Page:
Solutions Content

Written by Michael Riley on July 15, 2015

How focusing on solving problems
is a successful content strategy

"The best solutions journalism involves deep dives, critical assessments, and compelling stories about the ideas, models, policies, organizations, and people working to solve our toughest problems."

Tina Rosenberg is a Pulitzer prize winning reporter for the NY Times, and the co-founder of the Solutions Journalism movement. She presented an inspiring presentation the other day at Benjamin's Desk on her work.


What is Solutions Journalism?


There are 10 questions to ask if an article is actually offering a solution. 


1. Does the story explain the causes of a problem?
2. Does the story present an associated response to that problem?
3. Does the story get into the problem solving and how-to details?


4. Is the problem solving process central to the narrative?


5. Does the story present evidence of the results linked to the response?
6. Does the story explain the limitations of the response?
7. Does the story convey and insight or teachable lesson?
8. Does the story avoid reading like a puff piece?
9. Does the story draw on sources who have a ground-level understanding, not just 30,000 foot expertise?


10. Does the story give a greater attention to the response than to a leader/innovator/do-gooder?

If you can answer yes to each, or at least most of these questions, you should have a good Solutions Story.


What If We Apply this to Content?

If content passes the Solutions Journalism test, then you have content that offers real value, and it has all kinds of interesting side effects. "Solutions Content" is a new concept I came up with, and have been testing out.




52% Return Traffic
35% Social Sharing

The above results show how this can be used as a framework for more successful content marketing. A significant increase in return traffic, combined with the increase in social sharing, leads to a snowball effect for  greatly increasing web traffic.


Rise Above the Noise

Solutions Content raises the bar for content marketing. It gives your audience more value because it offers actionable solutions to their problems. You simply have to follow the process below to target your audience and reap the benefits. 


How to Find a Solution Story


  • Look for a problems that's widely shared within your target audience. 


  • Look for a key cause of this problem that is also widely shared. 


  • Look for something that successfully attracted attention and responses in the past




Still Can't find a Solution Story?


Search more broadly, or more narrowly

Look for a solution to a small slice of the problem that affects your area. There was a Chicago program that successfully reduced obesity for kids. A reporter was then able to write about how this program could be implemented for adults too, so it could solve a broader problem.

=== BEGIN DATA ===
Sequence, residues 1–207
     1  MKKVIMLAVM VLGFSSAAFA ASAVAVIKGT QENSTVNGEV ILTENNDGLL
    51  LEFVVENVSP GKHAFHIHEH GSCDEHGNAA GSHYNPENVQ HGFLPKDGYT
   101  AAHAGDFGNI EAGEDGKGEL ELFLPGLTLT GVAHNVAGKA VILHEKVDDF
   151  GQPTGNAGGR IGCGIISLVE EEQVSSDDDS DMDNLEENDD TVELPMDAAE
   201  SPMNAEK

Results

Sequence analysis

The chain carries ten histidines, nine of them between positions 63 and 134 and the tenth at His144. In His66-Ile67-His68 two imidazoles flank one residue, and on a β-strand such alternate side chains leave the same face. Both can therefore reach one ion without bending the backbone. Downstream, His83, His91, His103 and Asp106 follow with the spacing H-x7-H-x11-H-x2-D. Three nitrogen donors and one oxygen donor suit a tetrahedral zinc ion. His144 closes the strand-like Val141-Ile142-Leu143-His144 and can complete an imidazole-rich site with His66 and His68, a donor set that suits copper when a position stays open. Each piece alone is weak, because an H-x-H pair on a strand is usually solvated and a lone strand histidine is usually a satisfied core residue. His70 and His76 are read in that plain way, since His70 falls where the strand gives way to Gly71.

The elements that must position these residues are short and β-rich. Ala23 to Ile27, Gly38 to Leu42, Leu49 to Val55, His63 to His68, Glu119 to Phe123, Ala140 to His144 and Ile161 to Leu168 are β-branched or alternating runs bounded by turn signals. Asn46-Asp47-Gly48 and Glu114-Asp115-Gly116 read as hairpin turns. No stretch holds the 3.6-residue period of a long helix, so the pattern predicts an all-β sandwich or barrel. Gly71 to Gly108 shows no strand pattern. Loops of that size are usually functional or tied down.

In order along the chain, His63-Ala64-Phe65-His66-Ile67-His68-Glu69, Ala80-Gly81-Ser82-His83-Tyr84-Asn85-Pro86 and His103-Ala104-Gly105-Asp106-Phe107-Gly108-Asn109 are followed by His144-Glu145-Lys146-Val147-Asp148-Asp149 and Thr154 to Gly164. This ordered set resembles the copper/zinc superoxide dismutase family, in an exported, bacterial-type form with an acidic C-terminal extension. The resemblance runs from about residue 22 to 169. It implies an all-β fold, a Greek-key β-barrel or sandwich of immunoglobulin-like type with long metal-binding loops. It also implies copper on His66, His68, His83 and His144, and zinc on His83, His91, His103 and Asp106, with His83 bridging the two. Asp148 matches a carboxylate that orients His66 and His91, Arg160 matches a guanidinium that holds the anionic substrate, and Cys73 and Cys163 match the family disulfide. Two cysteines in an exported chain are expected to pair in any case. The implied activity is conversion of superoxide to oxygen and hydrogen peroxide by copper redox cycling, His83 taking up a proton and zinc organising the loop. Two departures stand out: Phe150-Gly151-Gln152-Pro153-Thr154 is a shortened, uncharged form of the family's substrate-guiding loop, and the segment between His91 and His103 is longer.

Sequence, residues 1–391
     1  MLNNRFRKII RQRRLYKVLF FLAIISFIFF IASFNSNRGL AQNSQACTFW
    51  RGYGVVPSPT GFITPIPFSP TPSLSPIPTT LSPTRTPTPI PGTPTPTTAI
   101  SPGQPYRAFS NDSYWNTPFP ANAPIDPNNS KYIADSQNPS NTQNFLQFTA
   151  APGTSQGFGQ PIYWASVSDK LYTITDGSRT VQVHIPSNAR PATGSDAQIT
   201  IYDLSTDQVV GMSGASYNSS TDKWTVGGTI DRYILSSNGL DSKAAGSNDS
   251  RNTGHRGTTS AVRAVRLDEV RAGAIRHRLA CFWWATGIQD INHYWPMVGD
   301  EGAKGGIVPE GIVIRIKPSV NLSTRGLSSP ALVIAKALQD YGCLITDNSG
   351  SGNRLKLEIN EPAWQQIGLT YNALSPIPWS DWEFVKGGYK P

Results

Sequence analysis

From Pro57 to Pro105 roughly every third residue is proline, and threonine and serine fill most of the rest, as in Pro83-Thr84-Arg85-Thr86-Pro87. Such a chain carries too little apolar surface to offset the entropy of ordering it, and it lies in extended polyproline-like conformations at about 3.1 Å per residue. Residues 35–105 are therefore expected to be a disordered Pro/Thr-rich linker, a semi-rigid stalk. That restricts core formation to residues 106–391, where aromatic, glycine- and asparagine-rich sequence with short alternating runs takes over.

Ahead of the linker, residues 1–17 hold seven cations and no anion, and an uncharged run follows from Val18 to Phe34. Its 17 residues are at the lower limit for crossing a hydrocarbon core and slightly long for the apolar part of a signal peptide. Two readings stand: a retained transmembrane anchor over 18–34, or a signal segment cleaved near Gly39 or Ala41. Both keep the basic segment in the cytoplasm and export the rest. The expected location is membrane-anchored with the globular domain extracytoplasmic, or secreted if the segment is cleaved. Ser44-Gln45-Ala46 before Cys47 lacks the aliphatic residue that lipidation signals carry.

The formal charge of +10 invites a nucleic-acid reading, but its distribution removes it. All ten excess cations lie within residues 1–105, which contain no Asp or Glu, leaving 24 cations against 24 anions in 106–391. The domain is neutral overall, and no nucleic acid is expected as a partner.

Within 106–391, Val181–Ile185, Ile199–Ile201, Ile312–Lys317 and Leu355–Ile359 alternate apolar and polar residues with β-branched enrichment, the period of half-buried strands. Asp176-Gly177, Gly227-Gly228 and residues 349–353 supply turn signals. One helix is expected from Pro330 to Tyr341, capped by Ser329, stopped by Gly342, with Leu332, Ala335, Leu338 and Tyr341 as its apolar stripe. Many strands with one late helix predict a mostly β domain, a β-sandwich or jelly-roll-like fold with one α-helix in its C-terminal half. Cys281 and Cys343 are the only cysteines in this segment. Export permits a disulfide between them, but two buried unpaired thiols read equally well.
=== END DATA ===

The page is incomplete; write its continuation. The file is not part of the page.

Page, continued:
Define "solution" down

It doesn't have to be the best solution. It just has to be a good story. It doesn't need to be 100% successful, or even 50%. It just has to be a good story.  You simply need to tell your readers about the limitations of the solution. 



How to Make Solutions Content?


Solutions stories have characters

But the story is what the characters are doing, and not just about who they are. 


Solution stories have tension

But the tension isn't from the clash of two sides. It's from how they solve the problem, and how they overcome their obstacles. 


The 5 W's plus H

Who, what, when, where and how. The details from these answers add interest and credibility to your story. A good example is how the House TV show focuses on the details. 


Cover a specific program 

Look for a program that is solving a problem for people. Focus on the idea behind the program, and why it's needed by people. There was a year-long series of stories on pre-k education in Seattle that was a good example. 


Covering new initiatives

A new unproven idea can be a solutions story, just lay out evidence. Example story: Did the city bring down its murder rate by paying people not to kill?


Cover Academic studies

There's a wealth of information published in academic journals. Simply look for topics that affect your audience. 


Do a Quickie

A solution story can be quick and easy. An example was a bed bug fix story. 


Data-driven story

Kentucky residences stood out as blue on a color-coded map of people that had increased their physical activity from 2001 to 2011. There is often interesting stories behind data like that.


Comparing two examples

One story compared c-section rates in two different hospitals. One had a dramatically higher rate of surgery over the nearby Samaritan hospital.


Part of a longer series or documentary

Deeper stories like how health insurance in America has affected the lives of people can be broken up into an entire series of articles.


Look for an investigation

You can find solutions in investigations. Look for topics of interest. The more investigation you do on your own, the more value you can offer via original content. 


Solutions Content is a new idea generation methodology for marketing. It takes more work than slapping together top ten lists and other fluff pieces, but there's a lot more potential.  Showing people solutions to problems simply gives them more value.


"Journalism has been revolutionized in the last 10 years, but almost all the change is in platform and technology." 
-Tina Rosenberg